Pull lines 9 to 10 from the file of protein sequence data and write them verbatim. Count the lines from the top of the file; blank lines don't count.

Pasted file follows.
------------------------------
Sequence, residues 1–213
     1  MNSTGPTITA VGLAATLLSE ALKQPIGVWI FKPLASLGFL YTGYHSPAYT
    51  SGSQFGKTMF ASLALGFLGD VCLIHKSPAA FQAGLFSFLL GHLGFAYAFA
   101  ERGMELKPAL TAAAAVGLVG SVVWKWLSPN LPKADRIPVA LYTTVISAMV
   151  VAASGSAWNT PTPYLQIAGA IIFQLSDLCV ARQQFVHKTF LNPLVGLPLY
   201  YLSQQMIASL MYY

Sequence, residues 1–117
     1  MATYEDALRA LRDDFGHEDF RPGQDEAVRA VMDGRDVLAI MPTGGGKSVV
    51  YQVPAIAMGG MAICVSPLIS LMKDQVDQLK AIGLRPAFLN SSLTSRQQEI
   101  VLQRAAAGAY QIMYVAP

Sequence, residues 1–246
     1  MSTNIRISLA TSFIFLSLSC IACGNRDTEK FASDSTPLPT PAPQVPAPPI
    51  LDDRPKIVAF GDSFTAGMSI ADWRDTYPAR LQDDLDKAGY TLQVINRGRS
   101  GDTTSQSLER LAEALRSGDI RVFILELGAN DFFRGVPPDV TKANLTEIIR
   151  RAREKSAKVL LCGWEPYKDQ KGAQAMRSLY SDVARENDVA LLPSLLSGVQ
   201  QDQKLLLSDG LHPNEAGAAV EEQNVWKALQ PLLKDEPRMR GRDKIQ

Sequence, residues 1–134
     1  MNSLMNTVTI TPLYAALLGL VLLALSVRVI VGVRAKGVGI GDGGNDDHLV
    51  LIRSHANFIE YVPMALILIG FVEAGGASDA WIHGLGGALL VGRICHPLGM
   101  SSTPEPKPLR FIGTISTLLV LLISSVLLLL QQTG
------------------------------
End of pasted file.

    51  YQVPAIAMGG MAICVSPLIS LMKDQVDQLK AIGLRPAFLN SSLTSRQQEI
   101  VLQRAAAGAY QIMYVAP